Imamiya-jinja Shrine (今宮神社)
A Shinto shrine located in Kita Ward, Kyoto City distinguished by its vivid red lacquering. The shrine is also called Tamanokoshi-jinja (the Shrine of the Jeweled Palanquin). The shrine was established to alleviate infectious disease and disasters in downtown Kyoto during the Heian period, and the shrine attracts faithful seeking sound health and long life. Venerable shops selling aburi mochi rice cakes stand in front of the shrine’s East Gate, and it is said eating these wards away disease and evil. The Yasurai Festival, held since the shrine’s founding to ward away infectious disease, is officially designated a national Important Intangible Folk-Cultural Property as the Yasurai-bana, and is held each year on the second Sunday of April.
Kyoto Kyoutoshi Kita-ku Murasakinoimamiyachou 21 (Kurama / Kibune / OharaArea)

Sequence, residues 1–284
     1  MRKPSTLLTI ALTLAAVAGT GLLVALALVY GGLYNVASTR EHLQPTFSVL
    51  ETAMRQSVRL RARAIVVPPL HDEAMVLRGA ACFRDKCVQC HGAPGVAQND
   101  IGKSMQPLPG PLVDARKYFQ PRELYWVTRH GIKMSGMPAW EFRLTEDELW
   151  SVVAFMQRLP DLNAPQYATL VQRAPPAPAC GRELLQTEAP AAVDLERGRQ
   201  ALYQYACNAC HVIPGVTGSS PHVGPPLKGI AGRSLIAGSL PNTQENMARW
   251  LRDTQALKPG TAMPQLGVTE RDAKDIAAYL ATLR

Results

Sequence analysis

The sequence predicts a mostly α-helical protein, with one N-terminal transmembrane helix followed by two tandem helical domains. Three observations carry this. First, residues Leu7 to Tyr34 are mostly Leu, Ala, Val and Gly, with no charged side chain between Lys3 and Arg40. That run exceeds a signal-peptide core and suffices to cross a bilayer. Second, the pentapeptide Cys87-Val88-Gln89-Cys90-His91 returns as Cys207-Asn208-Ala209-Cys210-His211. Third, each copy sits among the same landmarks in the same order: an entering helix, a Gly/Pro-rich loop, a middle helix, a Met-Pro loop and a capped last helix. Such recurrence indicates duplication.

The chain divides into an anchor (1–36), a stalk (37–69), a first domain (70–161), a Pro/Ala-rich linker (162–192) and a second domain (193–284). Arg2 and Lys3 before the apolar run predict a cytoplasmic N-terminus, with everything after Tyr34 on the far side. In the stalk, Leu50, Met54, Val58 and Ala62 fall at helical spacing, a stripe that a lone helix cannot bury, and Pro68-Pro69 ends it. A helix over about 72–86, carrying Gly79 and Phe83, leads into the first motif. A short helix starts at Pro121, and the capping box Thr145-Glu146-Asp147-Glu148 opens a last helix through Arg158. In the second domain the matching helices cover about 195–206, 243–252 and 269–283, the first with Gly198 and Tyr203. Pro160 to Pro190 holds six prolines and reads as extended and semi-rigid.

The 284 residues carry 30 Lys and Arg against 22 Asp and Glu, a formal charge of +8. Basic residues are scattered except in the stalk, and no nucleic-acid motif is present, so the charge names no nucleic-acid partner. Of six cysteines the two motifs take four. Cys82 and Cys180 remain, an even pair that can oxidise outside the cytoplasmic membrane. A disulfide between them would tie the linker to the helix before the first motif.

Review of Imamiya ShrineTripAdvisor Traveler Rating
Shrine’ s proximity to a primary school gives it a lively...
- Kyoto Kyoutoshi Kita-ku Murasakinoimamiyachou 21 [map]
- open everyday
- Parking Lot
- Available 44spaces
- Credit Card
- Not available
Information Sources: NAVITIME JAPAN
- On foot aboutminutes
- about m
- Route from this Station Route from this Bus Stop Route from this IC Route from this Parking
Nearby Tourist Attractions
Its wooden tea houses, shuffling geisha, and spiritual sights have seen Kyoto hailed as the heart of traditional Japan, a world apart from ultramodern Tokyo. Despite being the Japanese capital for over a century, Kyoto escaped destruction during World War II, leaving behind a fascinating history which can be felt at every turn, from the fully gold-plated Kinkakuji Temple down to traditional customs such as geisha performances and tea ceremonies, which are still practiced to this day.